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Is Roth IRA conversion (converting from traditional to Roth IRA) considered income available for child support in Pennsylvania?

Philadelphia, PA |
Filed under: Divorce Alimony Tax law

2010 Roth IRA conversion, where 50% of the IRA balance is reflected as taxable income in 2011 and 50% in 2012.

Attorney Answers 1


A conversion takes an asset from pre-tax to post tax. The asset does not change, but you are taxed on it. You have to take other money and pay the tax.

A one-time conversion should not be the same as describing a source of income upon which a computation should be made to may any sort of meaningful impact on a regular income stream from which a governmental / child / other support obligation is computed.

If the person finds $1, he is supposed to report it and take it into income. However, should a one-time event affect a computation that is supposed to be performed as to a SUSTAINABLE stream of income?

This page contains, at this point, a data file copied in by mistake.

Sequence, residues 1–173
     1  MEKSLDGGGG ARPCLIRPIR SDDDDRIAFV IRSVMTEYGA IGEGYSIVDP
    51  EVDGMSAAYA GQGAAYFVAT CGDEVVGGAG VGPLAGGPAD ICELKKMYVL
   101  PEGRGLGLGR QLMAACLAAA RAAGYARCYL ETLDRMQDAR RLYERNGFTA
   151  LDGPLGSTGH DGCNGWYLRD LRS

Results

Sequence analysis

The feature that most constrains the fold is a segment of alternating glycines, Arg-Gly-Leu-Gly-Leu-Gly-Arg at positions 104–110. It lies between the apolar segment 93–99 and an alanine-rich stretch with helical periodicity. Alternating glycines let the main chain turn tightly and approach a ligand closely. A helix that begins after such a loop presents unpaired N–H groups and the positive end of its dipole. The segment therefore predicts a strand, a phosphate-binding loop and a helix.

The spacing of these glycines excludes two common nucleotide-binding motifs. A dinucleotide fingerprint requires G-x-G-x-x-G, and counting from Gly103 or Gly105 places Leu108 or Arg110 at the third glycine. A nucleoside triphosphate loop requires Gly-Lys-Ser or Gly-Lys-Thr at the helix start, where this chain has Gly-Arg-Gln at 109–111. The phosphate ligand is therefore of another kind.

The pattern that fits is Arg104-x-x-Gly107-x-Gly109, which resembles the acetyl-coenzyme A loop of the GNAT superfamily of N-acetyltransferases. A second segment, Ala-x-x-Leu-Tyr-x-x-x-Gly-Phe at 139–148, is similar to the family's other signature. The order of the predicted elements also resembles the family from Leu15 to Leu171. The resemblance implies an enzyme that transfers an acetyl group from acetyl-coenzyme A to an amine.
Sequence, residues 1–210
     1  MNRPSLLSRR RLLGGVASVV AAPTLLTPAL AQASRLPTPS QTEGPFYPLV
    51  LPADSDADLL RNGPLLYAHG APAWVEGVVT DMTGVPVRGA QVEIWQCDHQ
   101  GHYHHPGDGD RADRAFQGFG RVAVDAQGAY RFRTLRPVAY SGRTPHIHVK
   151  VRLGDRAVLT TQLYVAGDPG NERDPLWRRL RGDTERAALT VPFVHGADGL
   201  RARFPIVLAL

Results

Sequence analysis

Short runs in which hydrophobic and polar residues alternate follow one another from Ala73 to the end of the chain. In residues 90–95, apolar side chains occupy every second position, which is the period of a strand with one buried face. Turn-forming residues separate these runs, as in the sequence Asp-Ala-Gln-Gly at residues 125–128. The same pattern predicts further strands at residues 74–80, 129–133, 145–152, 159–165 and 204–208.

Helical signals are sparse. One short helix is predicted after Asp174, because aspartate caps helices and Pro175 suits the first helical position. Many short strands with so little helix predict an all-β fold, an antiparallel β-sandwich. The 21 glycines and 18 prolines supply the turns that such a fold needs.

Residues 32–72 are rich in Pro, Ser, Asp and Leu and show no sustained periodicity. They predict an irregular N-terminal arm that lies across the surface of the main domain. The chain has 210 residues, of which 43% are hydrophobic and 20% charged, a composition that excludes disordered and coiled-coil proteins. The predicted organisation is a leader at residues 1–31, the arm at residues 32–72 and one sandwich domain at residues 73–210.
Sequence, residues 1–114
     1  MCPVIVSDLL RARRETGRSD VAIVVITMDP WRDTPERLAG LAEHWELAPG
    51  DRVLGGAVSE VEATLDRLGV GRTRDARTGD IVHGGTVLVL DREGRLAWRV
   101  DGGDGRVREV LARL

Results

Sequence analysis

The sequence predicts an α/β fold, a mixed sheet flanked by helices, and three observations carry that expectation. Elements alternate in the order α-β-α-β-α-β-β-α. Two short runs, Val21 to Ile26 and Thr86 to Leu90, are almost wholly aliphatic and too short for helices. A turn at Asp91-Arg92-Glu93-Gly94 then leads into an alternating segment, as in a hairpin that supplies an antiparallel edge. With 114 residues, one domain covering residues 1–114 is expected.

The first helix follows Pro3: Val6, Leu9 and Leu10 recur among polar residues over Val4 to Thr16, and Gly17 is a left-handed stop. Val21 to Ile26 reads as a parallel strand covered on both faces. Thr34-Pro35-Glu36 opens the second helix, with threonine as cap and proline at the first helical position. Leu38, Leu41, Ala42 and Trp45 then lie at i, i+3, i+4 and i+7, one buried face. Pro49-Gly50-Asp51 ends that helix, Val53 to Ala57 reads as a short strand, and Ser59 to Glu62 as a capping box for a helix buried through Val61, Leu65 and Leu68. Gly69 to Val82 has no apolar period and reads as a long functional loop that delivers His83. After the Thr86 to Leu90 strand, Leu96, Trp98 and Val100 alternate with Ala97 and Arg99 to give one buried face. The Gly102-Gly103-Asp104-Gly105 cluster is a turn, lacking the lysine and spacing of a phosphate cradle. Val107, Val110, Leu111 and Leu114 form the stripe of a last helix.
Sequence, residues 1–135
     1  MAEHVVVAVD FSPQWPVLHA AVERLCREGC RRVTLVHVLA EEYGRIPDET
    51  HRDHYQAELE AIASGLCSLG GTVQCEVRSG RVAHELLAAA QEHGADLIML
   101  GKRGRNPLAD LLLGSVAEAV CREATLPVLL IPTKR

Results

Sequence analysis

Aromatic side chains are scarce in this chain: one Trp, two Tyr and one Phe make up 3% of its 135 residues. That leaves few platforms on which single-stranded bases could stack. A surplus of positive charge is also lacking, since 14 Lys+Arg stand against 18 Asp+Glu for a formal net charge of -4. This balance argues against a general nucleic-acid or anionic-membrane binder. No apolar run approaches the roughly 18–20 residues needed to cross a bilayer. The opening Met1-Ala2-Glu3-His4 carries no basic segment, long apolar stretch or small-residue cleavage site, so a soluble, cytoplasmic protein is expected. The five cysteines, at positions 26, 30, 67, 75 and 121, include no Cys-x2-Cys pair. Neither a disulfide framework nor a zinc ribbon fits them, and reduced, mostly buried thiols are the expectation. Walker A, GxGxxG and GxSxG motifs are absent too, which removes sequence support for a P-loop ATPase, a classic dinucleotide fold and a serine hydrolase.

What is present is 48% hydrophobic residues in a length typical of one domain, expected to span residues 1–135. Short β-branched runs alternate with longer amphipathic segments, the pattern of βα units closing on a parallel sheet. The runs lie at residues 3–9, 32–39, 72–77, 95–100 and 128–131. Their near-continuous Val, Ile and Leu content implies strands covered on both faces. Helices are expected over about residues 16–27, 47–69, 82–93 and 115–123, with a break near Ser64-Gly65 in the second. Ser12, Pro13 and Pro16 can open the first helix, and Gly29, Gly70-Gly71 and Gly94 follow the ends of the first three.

Would doing this make ANY sense? Even if it were a $100,000 conversion, its not an income stream, AND its a one shot event.

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Curt Harrington
(562) 594-9784
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Curt Harrington Patent & Tax Law Attorney Certified Tax Specialist by the California Board of Legal Specialization PATENTAX.COM This communication is general information and not legal advice, and does not create an attorney-client relationship. This communication should not be relied upon as any type of legal advice. Please note that no attorney-client relationship exists between the sender and the recipient of this message in the absence of either (1) a signed fee contract and (2) remission of an agreed-upon retainer. Absent such an agreement and retainer, I am not engaged by you as an attorney, nor is any other member of my law firm.

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